Monday, June 5, 2017

Prototype and fail early with cloud-based development

In these days of rapid and incremental software product releases, where development companies add features for our benefit but often before thoroughly testing them, it's crucial that we all approach projects in a prototyping mindset and find the bugs early rather than assuming that all released features are going to work as we progress through an application.

It used to be that when you bought a license to, for example, Microsoft SQL Server, you were confident that any problems you encountered were likely due to your own code.

These days, it's difficult to know whether a bug is due to something you're doing wrong or whether it's a "known issue" to the software manufacturer due to releasing functionality too quickly.

My latest example of this relates to Microsoft PowerApps. I created and finalized several screens and moved on to the last part of the project and that was to simply list records from a Common Data Service (CDS) entity that relate to a record selected on a previous screen. This is fully supported and Microsoft provides examples on how to do this.

Then I ran into this "known issue": "For some connectors, the connection to the data source is lost if you modify the Items property."

In my case, I selected the connection to the CDS entity for a data table and went to apply a filter and the data source disappeared. I thought that I was doing something wrong so I re-read the documentation on using filters and the best I could tell I was using the functionality the way it was designed.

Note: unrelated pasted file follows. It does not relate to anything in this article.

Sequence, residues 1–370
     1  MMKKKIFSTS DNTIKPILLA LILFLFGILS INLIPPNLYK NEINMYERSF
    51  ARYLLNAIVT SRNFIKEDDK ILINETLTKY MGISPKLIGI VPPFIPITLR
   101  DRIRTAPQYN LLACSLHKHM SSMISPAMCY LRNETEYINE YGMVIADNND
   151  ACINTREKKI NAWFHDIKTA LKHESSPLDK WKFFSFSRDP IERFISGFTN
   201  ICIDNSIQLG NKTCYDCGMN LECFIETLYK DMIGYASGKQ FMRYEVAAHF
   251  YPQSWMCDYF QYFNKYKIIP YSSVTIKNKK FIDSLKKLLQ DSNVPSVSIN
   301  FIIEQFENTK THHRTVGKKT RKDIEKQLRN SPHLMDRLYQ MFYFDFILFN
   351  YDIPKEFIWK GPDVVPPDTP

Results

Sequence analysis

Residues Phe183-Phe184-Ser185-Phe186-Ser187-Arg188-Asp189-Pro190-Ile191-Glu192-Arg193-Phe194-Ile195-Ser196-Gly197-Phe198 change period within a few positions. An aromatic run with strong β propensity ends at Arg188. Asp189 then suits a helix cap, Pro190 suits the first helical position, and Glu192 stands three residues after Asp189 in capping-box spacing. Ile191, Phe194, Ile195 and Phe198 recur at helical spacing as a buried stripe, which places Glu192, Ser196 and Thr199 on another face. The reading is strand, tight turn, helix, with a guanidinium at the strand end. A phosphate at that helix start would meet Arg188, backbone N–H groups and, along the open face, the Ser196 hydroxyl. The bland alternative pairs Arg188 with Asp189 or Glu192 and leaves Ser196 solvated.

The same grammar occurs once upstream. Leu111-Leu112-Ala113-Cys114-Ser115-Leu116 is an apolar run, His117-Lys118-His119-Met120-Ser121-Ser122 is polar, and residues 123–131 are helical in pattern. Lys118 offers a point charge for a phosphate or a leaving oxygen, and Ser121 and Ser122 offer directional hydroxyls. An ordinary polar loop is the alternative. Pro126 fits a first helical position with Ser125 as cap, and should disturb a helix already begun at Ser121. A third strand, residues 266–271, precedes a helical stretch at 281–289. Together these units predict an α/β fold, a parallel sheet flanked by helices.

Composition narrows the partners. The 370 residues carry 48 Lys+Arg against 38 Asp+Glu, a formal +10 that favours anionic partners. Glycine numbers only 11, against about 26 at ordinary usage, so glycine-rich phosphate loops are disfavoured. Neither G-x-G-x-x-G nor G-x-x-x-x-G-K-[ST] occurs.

Then I searched online some more and eventually ran into the issue.

I'll likely find a work-around to this bug, probably by storing the related data onto the main CDS entity itself.  But this is another reminder to myself, and hopefully to you as well, to approach application development with cloud-based platforms in a way where you prototype as much of the functionality first before spending a lot of time polishing various forms/screens so that you can switch gears on your design when you run into an issue like the one I described.

1 comment:

  1. As a work-around to the PowerApps bug where a Common Data Service data set gets removed when you try to apply a filter for a data table, I decided to move the project to Azure SQL as the data store. Before I moved the data to SQL, though, I followed my own advice and created a simple PowerApps mock-up to be sure that filtering works before I built out the database and imported the CDS data. Unlike with CDS data sources, filtering SQL-based data in a data table is working fine.